Coronavirus — OECD Forecasts Severe Recession, UK Hardest Hit

  • If a second outbreak occurs, the British economy could fall by 14%.
  • British Finance Minister Rishi Sunak said that the UK is not the only country to suffer from this situation.
  • Income growth of five years or more could be lost in many countries as a result of the COVID-19 pandemic.

The United Kingdom is most likely to be hardest hit by the COVID-19 recession among major economies, a leading economic organization warns. The British economy is likely to fall by 11.5% by 2020, plummeting further than other developed economies, such as Germany, France, Spain, and Italy.

The Organisation for Economic Co-operation and Development (OECD) is an intergovernmental economic organization with 37 member countries, founded in 1961 to stimulate economic progress and world trade. Generally, OECD members are high-income economies with a very high Human Development Index (HDI) and are regarded as developed countries.

If a second outbreak occurs, the British economy could fall by 14%. The Organization for Economic Co-operation and Development (OECD) describes the epidemic’s impact on the economy as “catastrophic” everywhere.

In its latest assessment, the OECD found that the trade, tourism, and hospitality industries, which account for the bulk of the UK’s service economy, were hit by restrictions imposed by the government.

The COVID-19 Crisis

In response to the OECD report, Finance Minister Rishi Sunak said that the UK is not the only country to suffer from this situation:

“In common with many other economies around the world, we’re seeing the significant impact of coronavirus on our country and our economy. I’ve been clear that our top priority has always been to support people, jobs, and businesses through this crisis, and this is what we’ve done. The unprecedented action we’ve taken to provide lifelines that help people and businesses through the economic disruption will ensure our economic recovery is as strong and as swift as possible.”

Global Impact

The coronavirus recession, also known as the Great Lockdown or the Great Shutdown, is a severe and ongoing global recession. IMF projects suggest that the coronavirus recession will be the most severe global economic downturn since the Great Depression, and that it will be “far worse” than the Great Recession of 2009.

The Paris-based organization says income growth of five years or more could be lost in many countries as a result of the COVID-19 pandemic. The OECD considered two scenarios of pandemic consequences.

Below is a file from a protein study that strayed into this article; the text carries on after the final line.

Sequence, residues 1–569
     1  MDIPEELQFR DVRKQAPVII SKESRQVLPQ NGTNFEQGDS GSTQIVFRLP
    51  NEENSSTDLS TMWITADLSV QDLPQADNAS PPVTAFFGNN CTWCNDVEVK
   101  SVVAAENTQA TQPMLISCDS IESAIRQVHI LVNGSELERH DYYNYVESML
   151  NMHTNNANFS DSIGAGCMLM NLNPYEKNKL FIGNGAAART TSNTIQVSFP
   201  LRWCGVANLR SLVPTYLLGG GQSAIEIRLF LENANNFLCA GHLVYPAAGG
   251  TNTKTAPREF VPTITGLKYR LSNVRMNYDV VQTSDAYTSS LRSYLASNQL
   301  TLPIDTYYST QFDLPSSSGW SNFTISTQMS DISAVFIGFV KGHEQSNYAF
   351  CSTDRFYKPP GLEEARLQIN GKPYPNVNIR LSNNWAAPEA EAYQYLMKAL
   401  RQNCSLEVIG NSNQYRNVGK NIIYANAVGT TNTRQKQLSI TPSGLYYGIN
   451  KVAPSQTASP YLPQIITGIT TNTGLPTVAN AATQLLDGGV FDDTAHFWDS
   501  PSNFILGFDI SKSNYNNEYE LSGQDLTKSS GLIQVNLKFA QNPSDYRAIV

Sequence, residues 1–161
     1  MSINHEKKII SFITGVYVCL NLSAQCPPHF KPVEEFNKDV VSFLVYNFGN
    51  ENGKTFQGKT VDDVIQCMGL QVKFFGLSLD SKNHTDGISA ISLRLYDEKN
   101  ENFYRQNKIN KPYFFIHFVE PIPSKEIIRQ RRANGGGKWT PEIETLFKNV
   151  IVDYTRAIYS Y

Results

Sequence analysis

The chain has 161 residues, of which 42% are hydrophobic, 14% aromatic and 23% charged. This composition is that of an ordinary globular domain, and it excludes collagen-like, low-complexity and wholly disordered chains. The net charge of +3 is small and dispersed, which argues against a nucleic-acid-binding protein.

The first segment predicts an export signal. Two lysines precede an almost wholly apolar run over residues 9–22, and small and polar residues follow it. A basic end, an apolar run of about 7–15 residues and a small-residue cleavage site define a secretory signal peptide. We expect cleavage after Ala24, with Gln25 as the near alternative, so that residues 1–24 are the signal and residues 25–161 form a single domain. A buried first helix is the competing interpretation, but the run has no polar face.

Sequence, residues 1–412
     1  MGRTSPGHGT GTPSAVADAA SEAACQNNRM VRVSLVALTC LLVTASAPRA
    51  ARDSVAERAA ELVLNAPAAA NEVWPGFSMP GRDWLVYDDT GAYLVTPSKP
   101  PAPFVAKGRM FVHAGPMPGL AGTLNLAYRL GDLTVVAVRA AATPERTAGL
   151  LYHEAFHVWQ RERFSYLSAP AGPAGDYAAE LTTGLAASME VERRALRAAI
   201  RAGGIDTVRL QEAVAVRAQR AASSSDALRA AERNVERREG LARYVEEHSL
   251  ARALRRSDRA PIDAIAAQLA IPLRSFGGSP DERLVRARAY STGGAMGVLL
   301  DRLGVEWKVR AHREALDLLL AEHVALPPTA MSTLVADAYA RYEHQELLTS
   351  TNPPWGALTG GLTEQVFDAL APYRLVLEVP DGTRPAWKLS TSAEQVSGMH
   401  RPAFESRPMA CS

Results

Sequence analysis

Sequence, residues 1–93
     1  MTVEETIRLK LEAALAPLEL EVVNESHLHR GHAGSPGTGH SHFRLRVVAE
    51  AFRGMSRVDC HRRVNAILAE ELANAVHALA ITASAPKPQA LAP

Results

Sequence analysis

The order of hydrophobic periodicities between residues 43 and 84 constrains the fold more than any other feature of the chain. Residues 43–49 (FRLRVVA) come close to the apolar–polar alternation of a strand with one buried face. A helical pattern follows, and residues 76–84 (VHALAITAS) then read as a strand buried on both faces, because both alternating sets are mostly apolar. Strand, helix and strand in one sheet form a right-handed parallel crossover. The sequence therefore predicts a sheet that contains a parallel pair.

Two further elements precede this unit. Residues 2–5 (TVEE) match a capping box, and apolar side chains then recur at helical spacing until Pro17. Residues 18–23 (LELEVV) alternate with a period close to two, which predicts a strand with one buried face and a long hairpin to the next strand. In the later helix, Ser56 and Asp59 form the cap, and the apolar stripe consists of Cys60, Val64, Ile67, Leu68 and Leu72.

In more serious cases, the global economy could grow by 7.6% this year. Although the report says that the pandemic has begun to decline in many countries, and that economic activity has begun to restart, people do not expect a convincing recovery.

The report found that public health prospects are extremely volatile, and that is reflected in the decision to assess the two scenarios. In a more moderate scenario, the virus continues to fade. In a worse scenario, there is a second wave of illness outbreaks by the end of 2020.

The report describes both prospects as dangerous. Both scenarios show that economic activity cannot return to normal during the OECD review period. The current deep recession will be followed by a slow recovery.

In the more gloomy scenario of the two possibilities, this year’s economic crisis could be very serious. In that scenario, France and Spain will be in more crisis than the UK this year. OCED’s global production forecast for 7.6% decline is significantly worse than other agencies’ predictions – such as the International Monetary Fund and the World Bank – have warned about the level of instability.

As of the end of 2021, the report says that many countries could lose income gains of five or more years and the impact on livelihoods will be particularly severe among the most vulnerable groups. The OECD also said that the pandemic was speeding up the change from what it called “excellent integration” to “large dispersion.”

It is essentially an obstacle to globalization, reflected in trade and investment restrictions and many borders are closed at least while the health crisis is still ongoing.

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Joyce Davis

My history goes back to 2002 and I  worked as a reporter, interviewer, news editor, copy editor, managing editor, newsletter founder, almanac profiler, and news radio broadcaster.

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